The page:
State of Good Repair
It is unclear how the House proposal will address our nation’s growing highway and bridge repair needs to help save taxpayers dollars. With less money to spend, it is especially important that we prioritize repair and rehabilitation of the existing transportation network. Currently almost 12% of our bridges are in need of repair and close to 50% of our major highways are rated below “good” condition.
Focus on Limited Number of Highways
The outline says that the highway program will focus on “Interstate Highways and the National Highway System.” While it is unclear exactly what this provision means, it could result in a significant reduction in flexibility for states and regions. Today, states and regions can invest federal funds in a number of major highways. If funds were restricted to routes on the National Highway System it would reduce the number of highways states can invest in by 83.5%. A restriction of this nature would result in Washington pre-determining the best solution for local communities across the country.
The outline indicates that the proposal will consolidate and eliminate nearly 70 of the existing 100 transportation programs. Consolidation of the transportation programs can help improve performance if it is done right. With increased flexibility states and regions should be given increased responsibility to demonstrate that they are using taxpayers’ funds in a wise manner that reduces congestion and pollution while improving economic development and quality of life
Leveraging Federal Resources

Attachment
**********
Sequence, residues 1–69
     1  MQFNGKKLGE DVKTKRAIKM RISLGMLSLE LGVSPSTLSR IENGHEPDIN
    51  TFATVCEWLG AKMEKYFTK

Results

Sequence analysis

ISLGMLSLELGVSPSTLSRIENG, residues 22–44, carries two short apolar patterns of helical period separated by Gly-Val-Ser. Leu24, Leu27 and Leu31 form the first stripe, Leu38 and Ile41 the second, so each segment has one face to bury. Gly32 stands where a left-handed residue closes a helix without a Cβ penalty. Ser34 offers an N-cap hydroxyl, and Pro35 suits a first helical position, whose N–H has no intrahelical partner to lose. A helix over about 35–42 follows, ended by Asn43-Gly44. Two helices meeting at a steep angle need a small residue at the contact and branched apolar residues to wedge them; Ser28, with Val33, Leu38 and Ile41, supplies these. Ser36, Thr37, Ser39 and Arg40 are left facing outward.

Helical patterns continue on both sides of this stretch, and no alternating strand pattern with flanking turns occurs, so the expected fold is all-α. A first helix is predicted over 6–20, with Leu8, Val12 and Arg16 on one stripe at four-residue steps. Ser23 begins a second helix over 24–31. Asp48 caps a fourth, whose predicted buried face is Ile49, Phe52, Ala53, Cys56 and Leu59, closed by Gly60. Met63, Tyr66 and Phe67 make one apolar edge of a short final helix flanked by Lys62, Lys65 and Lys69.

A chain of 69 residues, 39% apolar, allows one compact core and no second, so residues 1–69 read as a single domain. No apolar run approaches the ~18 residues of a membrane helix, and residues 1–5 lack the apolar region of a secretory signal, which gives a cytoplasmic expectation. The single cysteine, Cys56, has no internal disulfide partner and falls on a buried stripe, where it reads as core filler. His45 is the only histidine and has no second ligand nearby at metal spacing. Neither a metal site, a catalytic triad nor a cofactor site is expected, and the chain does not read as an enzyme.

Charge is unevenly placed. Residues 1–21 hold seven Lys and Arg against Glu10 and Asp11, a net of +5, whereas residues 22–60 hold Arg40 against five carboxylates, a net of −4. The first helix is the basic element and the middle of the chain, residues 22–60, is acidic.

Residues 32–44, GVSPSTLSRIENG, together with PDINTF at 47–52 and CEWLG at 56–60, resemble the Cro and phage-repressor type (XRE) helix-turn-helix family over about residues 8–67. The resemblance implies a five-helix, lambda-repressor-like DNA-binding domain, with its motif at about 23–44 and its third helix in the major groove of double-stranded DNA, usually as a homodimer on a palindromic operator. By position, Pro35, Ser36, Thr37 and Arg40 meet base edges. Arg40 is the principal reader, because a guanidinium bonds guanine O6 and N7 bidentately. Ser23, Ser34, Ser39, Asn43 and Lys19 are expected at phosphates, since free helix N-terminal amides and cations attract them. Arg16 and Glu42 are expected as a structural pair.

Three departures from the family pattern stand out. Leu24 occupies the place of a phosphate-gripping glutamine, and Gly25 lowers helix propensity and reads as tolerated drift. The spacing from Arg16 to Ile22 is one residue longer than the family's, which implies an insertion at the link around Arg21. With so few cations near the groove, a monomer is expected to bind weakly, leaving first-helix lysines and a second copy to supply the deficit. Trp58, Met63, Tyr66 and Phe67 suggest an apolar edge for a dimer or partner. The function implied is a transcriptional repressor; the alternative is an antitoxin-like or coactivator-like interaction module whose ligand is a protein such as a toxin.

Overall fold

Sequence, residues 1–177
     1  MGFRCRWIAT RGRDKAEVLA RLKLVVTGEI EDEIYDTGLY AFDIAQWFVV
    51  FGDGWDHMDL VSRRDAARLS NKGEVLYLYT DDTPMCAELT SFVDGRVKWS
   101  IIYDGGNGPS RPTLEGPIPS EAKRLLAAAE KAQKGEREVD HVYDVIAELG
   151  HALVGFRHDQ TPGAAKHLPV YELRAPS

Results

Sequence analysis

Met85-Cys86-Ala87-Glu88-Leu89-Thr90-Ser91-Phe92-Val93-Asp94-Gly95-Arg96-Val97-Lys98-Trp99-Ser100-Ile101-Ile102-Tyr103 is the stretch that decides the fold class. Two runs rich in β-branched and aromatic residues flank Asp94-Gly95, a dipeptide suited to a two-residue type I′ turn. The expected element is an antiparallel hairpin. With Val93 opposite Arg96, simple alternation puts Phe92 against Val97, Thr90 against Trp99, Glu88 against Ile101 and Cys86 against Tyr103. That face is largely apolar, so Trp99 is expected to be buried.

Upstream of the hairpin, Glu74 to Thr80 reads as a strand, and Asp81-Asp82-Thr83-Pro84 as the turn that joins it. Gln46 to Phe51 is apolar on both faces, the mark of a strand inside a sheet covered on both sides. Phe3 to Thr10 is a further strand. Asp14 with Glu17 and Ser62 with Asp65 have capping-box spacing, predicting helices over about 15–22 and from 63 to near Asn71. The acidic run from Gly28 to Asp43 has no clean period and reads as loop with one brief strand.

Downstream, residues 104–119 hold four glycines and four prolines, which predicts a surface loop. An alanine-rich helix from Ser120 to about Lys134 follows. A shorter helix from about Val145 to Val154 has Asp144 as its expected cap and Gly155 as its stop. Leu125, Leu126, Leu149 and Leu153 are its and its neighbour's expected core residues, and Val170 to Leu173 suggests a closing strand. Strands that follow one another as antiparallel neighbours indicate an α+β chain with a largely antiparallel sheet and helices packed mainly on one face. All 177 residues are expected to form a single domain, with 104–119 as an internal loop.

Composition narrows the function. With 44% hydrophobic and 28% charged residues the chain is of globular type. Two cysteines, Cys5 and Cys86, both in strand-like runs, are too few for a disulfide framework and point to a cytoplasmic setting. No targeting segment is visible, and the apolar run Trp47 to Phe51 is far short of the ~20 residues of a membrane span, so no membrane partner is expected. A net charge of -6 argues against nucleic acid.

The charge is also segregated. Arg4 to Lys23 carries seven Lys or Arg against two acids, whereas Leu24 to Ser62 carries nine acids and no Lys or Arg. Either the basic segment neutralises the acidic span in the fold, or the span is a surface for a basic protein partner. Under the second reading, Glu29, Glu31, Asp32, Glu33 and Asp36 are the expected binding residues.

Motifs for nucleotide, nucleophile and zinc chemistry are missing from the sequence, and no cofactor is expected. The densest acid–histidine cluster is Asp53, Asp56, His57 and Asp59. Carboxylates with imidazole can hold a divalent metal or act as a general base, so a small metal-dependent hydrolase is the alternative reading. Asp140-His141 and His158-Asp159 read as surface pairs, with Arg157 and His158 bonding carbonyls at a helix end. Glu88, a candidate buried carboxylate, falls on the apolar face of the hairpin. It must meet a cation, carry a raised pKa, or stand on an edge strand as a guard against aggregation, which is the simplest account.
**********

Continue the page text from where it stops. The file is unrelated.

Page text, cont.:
The outline says the proposal will expand the TIFIA federal loan program, a program that provides credit assistance for infrastructure projects by providing loan security to encourage private investment. This expansion should ensure that transit can meaningfully participate in any new financing options, include a regional program focus, and include incentives for regions to help themselves (such as in the enhanced TIFIA program outlined in Los Angeles’ 30-10 Initiative). In addition, it will be key to find ways to encourage private sector participation in transportation projects, including partnering with developers to help advance transportation projects.
The outline contains several provisions related to accelerating project delivery, focusing on reducing the environmental review process. While the environmental review process can be improved, it is imperative that the integrity of environmental protection and public input is maintained. Only 7% of projects go through a true environmental review process (environmental assessment or an environmental impact statement). If the intent is to speed up the completion of transportation projects, other processes outside NEPA should be targeted for improving project delivery, like design-build or delegation of design exceptions to state engineers.
Rail and Amtrak
The proposal does not provide any specific funding for high-speed rail. It will make high-speed rail an eligible project under the existing Railroad Rehabilitation and Improvement Financing program that provides loans for rail projects. However it is not clear what revenue sources can be used to repay these loans. The proposal says that Amtrak’s operating funds will be cut by 25 percent in the first two years. In addition, the proposal puts limits on Amtrak’s use of federal funds. It is unclear what these limits are and what activities would not be allowed.